In all my years of reading Charles M. Schulz’s Peanuts, since I was six-years-old, I never really thought about the landscape of Peanuts, taking it more for granted than anything else. Thanks to Seth, who designs the exquisite Complete Peanuts series published by Fantagraphics Books, I have developed a deep appreciation for the scenery that surrounds the Peanuts children as they go about their daily escapades. At the beginning of each Complete Peanuts volume, right before the start of two consecutive years of brilliant strips, and at the end, immediately following the strips and just before the entertaining index, are two-page spreads depicting various landscapes of the Peanuts‘ neighborhood.

At the beginning of Volume One Charlie Brown’s backyard is depicted, with Snoopy’s doghouse in one of its earliest incarnations. With the television antenna on the roof, Snoopy wasn’t sleeping on top of his home just yet.

At the end of Volume One is an illustration of a curving sidewalk, leading to the school bus stop, or the baseball field, or the pumpkin patch. In the background is a solitary house, possibly Violet’s, as her place appeared separate from the others in It’s The Great Pumpkin, Charlie Brown.

Volume Two opens in a room in Schroeder’s house. Atop an unattended toy piano rests a bust of a scowling Beethoven, so imposing I could see it scaring small children away.

At the end of Volume Two, clouds hover over the Peanuts neighborhood, although not quite the variety in the classic strip where Linus imagined a map of British Honduras, a profile of sculptor Thomas Eakins, and the stoning of Stephen. After that observation, Charlie Brown dejectedly admitted to seeing a puffy white ducky and a horsie.

Volume Three opens with the brick wall where Charlie Brown and Linus would often plant their elbows and discuss trying events in their lives, ranging from Charlie Brown’s despair over another lost ball game to Linus reluctantly having to, again, give up his security blanket. At this location you could often hear Lucy howl with laughter after ridiculing Charlie Brown.

At the end of Volume Three is a field covered with snow. I can see Linus on his way here to construct a great fort and bombard everyone in sight with snowballs. Over the rise could be a frozen pond, where Snoopy skates effortlessly on two paws while Charlie Brown lies flat on his back, weighted down from wearing too much winter apparel.

The baseball field graces the beginning of Volume Four with an exaggeratingly shaped pitcher’s mound and scattered bats and gloves. So determined was Charlie Brown to win a game that often he would make a pitch and then chase after the fly ball, only to drop it every time. And Lucy made her best catches when she wasn’t paying attention.

At the end of Volume Four a pile of raked leaves is in a backyard, calmly anticipating Linus’ enthusiastic leap into it with a wet sucker.

The pumpkin patch appears at the beginning of Volume Five, where on Halloween night year after year Linus performed a diligent, almost religious vigil, waiting for the Great Pumpkin to appear, only to have morning bring disappointment and the chills.

Volume Five ends with a sandlot on the outskirts of town, where a massive, detailed castle has been formed, most likely by Linus working off some depression.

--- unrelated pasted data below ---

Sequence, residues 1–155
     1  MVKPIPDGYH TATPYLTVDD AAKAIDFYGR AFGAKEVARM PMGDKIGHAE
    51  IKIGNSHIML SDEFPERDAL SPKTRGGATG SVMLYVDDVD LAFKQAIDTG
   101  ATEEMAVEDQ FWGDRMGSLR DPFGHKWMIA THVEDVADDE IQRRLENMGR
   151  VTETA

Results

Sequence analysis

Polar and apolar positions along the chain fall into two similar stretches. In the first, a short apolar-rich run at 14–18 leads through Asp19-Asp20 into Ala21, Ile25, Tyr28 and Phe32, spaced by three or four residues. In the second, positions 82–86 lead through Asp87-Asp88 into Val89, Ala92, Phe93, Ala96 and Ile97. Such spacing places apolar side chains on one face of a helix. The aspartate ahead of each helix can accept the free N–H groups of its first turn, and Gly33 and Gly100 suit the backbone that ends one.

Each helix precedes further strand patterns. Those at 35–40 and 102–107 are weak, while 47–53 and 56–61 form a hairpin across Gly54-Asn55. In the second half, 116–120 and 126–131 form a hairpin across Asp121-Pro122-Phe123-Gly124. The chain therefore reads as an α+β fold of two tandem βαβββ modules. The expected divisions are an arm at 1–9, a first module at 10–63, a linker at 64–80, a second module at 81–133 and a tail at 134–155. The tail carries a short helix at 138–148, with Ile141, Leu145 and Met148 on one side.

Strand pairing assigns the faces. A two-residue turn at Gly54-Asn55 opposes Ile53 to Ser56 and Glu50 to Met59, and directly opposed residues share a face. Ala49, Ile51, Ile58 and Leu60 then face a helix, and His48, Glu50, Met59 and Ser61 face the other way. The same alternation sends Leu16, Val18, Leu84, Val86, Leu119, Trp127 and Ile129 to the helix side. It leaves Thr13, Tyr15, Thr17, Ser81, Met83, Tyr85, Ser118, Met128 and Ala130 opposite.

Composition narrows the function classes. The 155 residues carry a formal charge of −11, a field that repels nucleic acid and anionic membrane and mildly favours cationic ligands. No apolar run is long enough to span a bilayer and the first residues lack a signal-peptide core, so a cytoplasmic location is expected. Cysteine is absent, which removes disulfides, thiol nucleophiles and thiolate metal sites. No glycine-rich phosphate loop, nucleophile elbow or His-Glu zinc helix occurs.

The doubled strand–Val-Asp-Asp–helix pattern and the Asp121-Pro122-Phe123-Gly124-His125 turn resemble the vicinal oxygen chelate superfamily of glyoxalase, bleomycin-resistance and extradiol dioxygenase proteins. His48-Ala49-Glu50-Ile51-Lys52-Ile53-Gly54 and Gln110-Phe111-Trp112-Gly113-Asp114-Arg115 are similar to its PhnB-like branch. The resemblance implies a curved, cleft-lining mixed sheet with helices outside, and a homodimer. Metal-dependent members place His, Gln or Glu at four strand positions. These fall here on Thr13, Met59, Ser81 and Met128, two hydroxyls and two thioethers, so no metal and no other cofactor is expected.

Volume Six opens with Lucy’s psychiatric booth, placed casually by the sidewalk and fit for one 5-cent paying customer at a time.

Backyards with snowmen sentries are portrayed at the end of Volume Six. In the background is Snoopy’s doghouse. It was here that the imaginative beagle made friends with a snowman, only to watch it melt under the sun’s unforgiving rays. Visibly crushed, Snoopy still ate the carrot used as the snowman’s nose.

It’s hard to say where the yard at the beginning of Volume Seven is located. It could be a park or a backyard or a school playground. From one lone tree a single leaf drops, and I can visualize Snoopy watching it, Lucy studying it, and Linus pondering it. Only Charlie Brown would wonder if that same tree would eat his kite.

A field of trees is showcased at the end of Volume Seven, possibly a field of kite-eating trees. One lone kite dangles from one of the trees, certainly apprehended from the world’s most failed kite-flyer, Charlie Brown.

There are no children in these pictures. Only my imagination includes them, and I’m of two opposing feelings when contemplating these illustrations.

On a good day in my mind, these scenes are set at dusk, and the children have all gone home for the day: Charlie Brown and Sally to their never seen parents, and Snoopy to the top of his doghouse; Lucy and Linus to a television show selection debacle; Schroeder to play his toy piano; and Peppermint Patty and Marcie, who often visited their friends, to their neighborhood. They and others will return to fill the landscape tomorrow, except maybe Shermy, who, as the years went on — in our time, not the strip’s — seemed to never leave home.

Yet on the saddest, most melancholy of my days, the Peanuts characters have grown up and moved on, and this is all that’s left for me to see, abandoned playgrounds of childhood, hauntingly surreal, because I’ve never imagined it this way. I don’t believe Seth intended the scenes to be interpreted like this, and it’s not the kind of state I wish to remain in. So I listen for the strains of a toy piano performing Beethoven. I hear Charlie Brown wailing “Why? Why?” before forcing himself to sleep. Snoopy howls at the stars. I turn back to the beginning of the Peanuts volume at hand and begin to reread the strips, settling in comfortably, once again happily immersed in a fully realized world of adult-like children drawn in indelible India ink that will forever exude so much wondrous color.

About The Author

Jim Kingman is a writer for Comics Bulletin